Well that’s it then isn’t it? Crisis averted. We are nothing if not an emotional bunch, us Wolves fans and despite what people might tell you, this victory was very, very welcome for our hearts, minds and non-grey hairs.
I’m a fully paid-up member of the ‘Keep Calm and Trust In Nuno’ club. We wear our Wolf Gang shirts with pride. We pay homage to the great man on a weekly basis, but even the most ardent of Nuno fan-clubbers would have cast the slightest shadow of doubt over goings-on over the past couple of weeks. Chance creation has reduced, culminating in two defeats. I was never at any point worried, but I’d be lying if I said I never furrowed my brow over what I was watching.
Who better to face up than our old friend Mick McCarthy then? Mick painted up as this pure spoiler of a character, the kind that would whinge about the selection of alcohol available to him at a free bar, the guy from the apartment below constantly knocking the ceiling, telling you to turn the music down. It’s a shame to see him come to this. He’s a man who brought us some thrilling football. As a Champtionship side we were always there or thereabouts and he’ll always be at home on a shoestring. He’s also exactly the kind of man you don’t want to come across when you’re not quite feeling at your best, which Wolves clearly weren’t. Until the Vitamin D kicked in.
If that’s all it takes to get the attacking, creative juices going, I’ll pop down to Holland and Barrett tomorrow and send a squad’s worth of Vitamin D tablets down to Compton. There was a distinct increase in productivity from our now fluid front three, even if it wasn’t reflected in goals. We got the all important one that mattered though, which owed a lot to the changes that Nuno had decided to make.
Whether Alfred N’Diaye’s appearance in the starting line-up was due to Romain Saiss’ injury, or if it was a pre-planned tactical decision, he certainly adds a different dynamic to the midfield. This was demonstrated in the goal. Watching Romain Saiss try and break beyond feels a little like he’s been fitted with a tracking device by the opposition. Either that or his general lack of mobility doesn’t allow for Wolves to take advantage of those kind of runs. N’Diaye’s physical power was too much for any tracking runner, but what impressed was his composure to not take on the shot and appreciate the run of Barry Douglas who crossed to our very own Ivat Doherleiro to nod home. It was an excellent goal, which made a mockery of our lack of incision in recent weeks. It was poignant that the two men so chastised for their performance against Forest combined to score the opener.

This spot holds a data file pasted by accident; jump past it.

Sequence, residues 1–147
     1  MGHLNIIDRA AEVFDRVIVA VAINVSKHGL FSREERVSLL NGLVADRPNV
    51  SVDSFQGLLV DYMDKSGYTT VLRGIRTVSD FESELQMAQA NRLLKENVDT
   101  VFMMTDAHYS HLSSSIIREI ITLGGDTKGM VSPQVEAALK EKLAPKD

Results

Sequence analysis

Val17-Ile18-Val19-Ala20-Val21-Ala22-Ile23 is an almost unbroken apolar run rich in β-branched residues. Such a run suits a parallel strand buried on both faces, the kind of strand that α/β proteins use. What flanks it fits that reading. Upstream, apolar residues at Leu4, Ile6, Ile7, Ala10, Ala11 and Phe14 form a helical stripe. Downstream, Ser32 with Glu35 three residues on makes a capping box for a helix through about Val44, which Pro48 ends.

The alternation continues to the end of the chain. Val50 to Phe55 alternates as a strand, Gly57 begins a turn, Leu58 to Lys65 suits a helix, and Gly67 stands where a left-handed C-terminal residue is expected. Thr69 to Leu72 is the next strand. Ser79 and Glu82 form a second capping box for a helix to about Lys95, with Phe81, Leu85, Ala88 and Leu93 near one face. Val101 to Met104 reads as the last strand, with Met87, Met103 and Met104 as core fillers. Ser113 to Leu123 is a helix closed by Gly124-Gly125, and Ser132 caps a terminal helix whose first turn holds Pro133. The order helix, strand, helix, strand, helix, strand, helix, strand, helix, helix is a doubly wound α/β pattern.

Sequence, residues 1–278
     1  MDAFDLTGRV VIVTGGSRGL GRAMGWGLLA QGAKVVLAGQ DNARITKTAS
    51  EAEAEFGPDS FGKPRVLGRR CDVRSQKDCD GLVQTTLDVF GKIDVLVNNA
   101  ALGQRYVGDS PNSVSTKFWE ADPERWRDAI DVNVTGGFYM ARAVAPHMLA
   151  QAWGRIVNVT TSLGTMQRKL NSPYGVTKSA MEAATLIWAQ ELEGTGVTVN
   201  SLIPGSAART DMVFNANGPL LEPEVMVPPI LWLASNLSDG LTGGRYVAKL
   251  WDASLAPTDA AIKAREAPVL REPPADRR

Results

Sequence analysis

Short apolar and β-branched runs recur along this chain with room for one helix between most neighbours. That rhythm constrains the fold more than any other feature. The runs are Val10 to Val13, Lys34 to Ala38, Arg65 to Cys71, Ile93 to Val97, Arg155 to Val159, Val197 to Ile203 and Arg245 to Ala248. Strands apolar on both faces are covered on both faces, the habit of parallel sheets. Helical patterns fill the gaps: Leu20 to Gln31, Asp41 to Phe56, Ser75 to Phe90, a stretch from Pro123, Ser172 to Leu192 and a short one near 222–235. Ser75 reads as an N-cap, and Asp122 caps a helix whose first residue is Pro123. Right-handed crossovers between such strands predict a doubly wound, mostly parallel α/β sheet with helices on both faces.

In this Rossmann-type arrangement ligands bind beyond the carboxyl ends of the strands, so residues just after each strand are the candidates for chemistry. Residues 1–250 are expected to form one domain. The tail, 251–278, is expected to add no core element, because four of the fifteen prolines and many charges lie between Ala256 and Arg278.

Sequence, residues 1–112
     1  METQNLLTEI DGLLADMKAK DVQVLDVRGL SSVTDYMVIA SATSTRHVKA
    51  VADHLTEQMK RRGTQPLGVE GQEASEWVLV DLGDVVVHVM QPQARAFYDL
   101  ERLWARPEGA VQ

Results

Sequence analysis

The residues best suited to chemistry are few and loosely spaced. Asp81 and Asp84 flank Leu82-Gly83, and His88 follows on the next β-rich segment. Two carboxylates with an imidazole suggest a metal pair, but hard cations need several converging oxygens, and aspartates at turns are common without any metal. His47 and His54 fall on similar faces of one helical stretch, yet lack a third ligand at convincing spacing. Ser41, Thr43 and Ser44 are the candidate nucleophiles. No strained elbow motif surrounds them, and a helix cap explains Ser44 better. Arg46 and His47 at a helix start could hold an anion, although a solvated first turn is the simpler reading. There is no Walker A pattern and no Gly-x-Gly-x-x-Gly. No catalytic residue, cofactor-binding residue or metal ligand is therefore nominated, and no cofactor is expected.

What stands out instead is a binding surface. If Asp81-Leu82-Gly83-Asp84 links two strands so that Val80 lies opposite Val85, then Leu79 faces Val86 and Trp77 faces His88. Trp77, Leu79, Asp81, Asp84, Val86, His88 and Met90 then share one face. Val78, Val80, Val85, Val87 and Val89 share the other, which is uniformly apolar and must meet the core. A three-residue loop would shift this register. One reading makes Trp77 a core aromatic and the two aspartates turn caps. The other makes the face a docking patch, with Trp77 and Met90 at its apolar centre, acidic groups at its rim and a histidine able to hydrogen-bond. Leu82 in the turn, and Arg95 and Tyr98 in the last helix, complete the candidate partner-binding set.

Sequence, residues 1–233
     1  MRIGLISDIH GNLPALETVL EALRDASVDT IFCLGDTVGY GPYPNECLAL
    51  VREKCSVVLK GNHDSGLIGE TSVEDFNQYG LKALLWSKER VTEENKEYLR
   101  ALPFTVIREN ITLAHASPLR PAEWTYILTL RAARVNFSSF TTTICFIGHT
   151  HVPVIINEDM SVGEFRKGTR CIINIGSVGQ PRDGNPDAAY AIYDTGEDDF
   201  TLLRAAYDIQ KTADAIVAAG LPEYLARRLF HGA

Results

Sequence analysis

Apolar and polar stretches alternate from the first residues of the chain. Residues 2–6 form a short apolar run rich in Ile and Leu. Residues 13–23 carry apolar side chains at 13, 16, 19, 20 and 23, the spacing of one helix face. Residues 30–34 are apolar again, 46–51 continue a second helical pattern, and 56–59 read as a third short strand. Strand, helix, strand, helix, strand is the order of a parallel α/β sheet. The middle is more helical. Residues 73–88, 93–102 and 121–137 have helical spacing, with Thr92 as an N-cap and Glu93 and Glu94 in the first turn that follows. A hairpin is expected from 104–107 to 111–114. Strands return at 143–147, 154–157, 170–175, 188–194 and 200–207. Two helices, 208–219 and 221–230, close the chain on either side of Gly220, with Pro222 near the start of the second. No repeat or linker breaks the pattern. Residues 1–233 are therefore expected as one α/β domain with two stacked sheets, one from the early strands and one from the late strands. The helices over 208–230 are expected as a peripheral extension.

The fluid front three clearly worked a treat as well. Good players will make things work and whether any of them can be considered a striker is irrelevant. The way they dovetail is symptomatic of a shared level of understanding – and footballing upbringing. It’s clearly one of the advantages of our Portuguese influx. The outcome was glorious, were it not for Ipswich’s keeper – 16 shots with 10 on target. To see a scoreline of 1-0 with that kind of effective attacking can only be described as ‘football’. It’s that kind of game. Bartosz Bialkowski holds hero-like status at Ipswich and it’s no wonder after this kind of performance.
Whilst Alfred N’Diaye and Romain Saiss didn’t impress in their single opportunity together against Blues, whoever slots in alongside Ruben Neves looks like a world-beater, which is testament to the class of the man. The other key factor in the game was the timing of the goal, something which proves so important in any game. It allowed us to have more freedom on the break and a few players looked to have rediscovered some mojo. Diogo Jota and Leo Bonatini, without scoring, looked decidedly more dangerous.
We can only empathise with the Ipswich fans, whose derisory cheers greeted McCarthy’s belated triple substitution to stem the tide. Fortunately for us, those days are behind us and we can revel in the presence of our decisive, assured manager who once again proved his credentials to any of the naysayers. All is rosy in the garden again, and promotion can only be a matter of weeks away.